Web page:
Old-man Bristol keeping up with the kids on RVR tennis courts
CARBONDALE — Ted Bristol was once really good at tennis.
Well, actually, he still is.
“I’m only about a 3.5 now,” the 73-year-old Missouri Heights resident said with a wry smile about his playing level. “At one time I was in the 4.0 to 4.5 range. Yeah, I’m getting old.”
That hasn’t stopped Bristol, who is playing in the 17th-annual River Valley Ranch Tennis Classic for the 17th time this weekend. Bristol, who is originally from the Chicago area, has been playing tennis for close to 50 years and became a permanent resident of the area just a year before the tournament began.
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The tournament, which is played on the clay and hard courts at RVR, is a big draw statewide, also. Ian Haas of RVR said the USTA-sanctioned tournament played on the green-clay and hard-court surfaces at the club has drawn more than 200 entries, with skill levels ranging from 2.5 (more intermediate) to 5.0 (expert). Play began on Friday and continues through Sunday when it concludes with championship singles and doubles matches.
Bristol, who owns the UPS Store in El Jebel, has sent plenty of his opponents packing in the past. He teamed up with Neil Henley to win the 4.0 men’s doubles championship 10 years ago, and is a regular participant at tournaments at Indian Wells Tennis Garden in Indian Wells, Calif., a site that regularly hosts ATP World Tour events. He also reached the men’s singles finals at the Western Open in Chicago 40 years ago.
“That’s the best I’ve ever done,” he said.
It’s not like all of his best years are behind him, though, as he reached the men’s doubles finals with partner Peter Dolan last year. He also got to the mixed doubles semifinals with Lindsey Cheney.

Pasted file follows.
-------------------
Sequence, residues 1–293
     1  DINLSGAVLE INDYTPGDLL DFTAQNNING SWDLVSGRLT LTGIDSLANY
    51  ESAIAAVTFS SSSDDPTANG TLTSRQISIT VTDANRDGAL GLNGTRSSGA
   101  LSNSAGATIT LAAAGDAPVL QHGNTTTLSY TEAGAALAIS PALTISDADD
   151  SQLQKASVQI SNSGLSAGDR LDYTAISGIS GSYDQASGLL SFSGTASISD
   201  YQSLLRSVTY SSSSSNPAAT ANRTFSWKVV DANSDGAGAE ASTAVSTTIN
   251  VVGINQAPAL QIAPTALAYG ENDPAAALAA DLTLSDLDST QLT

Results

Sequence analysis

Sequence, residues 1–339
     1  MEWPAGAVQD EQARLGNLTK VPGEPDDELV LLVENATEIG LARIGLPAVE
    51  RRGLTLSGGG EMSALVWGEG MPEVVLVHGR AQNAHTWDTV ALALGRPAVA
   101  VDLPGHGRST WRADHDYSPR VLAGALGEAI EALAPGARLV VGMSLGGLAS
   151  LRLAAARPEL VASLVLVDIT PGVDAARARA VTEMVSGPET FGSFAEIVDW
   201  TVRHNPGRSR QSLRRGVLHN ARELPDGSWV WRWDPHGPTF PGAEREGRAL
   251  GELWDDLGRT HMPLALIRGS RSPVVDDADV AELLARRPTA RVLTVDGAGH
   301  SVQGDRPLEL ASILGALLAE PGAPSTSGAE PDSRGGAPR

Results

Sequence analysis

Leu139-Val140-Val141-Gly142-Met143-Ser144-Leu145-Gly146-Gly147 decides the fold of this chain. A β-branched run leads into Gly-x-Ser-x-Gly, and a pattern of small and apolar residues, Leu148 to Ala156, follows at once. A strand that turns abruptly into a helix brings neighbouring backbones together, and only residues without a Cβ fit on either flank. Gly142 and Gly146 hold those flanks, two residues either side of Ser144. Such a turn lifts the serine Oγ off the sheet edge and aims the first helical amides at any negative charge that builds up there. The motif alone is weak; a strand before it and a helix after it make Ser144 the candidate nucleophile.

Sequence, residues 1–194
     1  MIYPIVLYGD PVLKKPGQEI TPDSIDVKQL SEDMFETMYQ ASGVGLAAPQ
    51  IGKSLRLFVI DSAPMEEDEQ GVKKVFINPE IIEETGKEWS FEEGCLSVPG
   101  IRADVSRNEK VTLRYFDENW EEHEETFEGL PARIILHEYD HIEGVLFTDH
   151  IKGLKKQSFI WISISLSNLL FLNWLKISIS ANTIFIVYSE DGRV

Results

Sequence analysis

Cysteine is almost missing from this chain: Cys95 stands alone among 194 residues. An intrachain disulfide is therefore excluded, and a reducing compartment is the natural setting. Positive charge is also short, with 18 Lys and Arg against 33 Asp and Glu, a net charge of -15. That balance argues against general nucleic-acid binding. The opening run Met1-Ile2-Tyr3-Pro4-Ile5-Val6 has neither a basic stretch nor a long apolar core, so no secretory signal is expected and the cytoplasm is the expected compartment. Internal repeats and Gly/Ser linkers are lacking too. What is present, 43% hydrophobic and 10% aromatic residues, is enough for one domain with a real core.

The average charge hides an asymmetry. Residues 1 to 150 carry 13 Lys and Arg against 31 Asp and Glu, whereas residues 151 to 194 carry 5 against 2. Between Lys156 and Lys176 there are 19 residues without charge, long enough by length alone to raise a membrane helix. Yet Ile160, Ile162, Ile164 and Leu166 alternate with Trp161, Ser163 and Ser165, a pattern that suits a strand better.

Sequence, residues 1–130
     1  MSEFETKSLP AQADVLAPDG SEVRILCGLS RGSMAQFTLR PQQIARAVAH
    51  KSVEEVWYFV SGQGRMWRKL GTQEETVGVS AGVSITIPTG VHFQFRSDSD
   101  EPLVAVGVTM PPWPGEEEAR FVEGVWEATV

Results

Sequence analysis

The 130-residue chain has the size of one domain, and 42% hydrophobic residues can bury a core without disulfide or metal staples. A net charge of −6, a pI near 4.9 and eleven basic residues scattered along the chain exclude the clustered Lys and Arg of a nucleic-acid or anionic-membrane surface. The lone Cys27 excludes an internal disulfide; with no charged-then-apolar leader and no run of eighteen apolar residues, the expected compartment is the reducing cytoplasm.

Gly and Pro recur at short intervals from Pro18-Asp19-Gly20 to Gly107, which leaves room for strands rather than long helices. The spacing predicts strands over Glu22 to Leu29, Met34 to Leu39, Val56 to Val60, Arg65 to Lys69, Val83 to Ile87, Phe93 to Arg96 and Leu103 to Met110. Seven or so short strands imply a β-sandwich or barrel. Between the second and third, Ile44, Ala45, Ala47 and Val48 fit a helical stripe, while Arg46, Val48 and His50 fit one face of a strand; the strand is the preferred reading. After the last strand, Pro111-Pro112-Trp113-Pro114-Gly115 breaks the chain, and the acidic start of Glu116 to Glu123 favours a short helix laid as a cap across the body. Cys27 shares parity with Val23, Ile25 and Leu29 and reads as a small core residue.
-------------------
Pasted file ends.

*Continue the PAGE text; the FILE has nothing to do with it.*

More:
So how has he remained competitive after all of these years?
“I stay active,” Bristol said simply. “People die of boredom faster than they die of disease.”
Bristol does plenty to stay active outside of what he does on the tennis court. He plays on the indoor courts in the winter in Snowmass, where he also serves as a ski instructor. He’s also invested in one of the market’s more innovative tennis rackets, which can decipher and analyze everything from how hard a ball is hit to how much top spin a ball has as it leaves the racket.
“My serve is still good,” he said. “In modern tennis, you’re not going to do well unless you have some kind of top spin on the ball.”
Bristol will play doubles again this year and, along with one other player, will be the oldest registered participant in the tournament. Not that it bothers him.
“There have been times when I’ve seen an 18- to 20-year-old kid across the court from me and thought to myself, ‘Hey, he’s young enough to be my grandson!’” Bristol said. “That’s OK, though. I’ve still managed to hold my own.”
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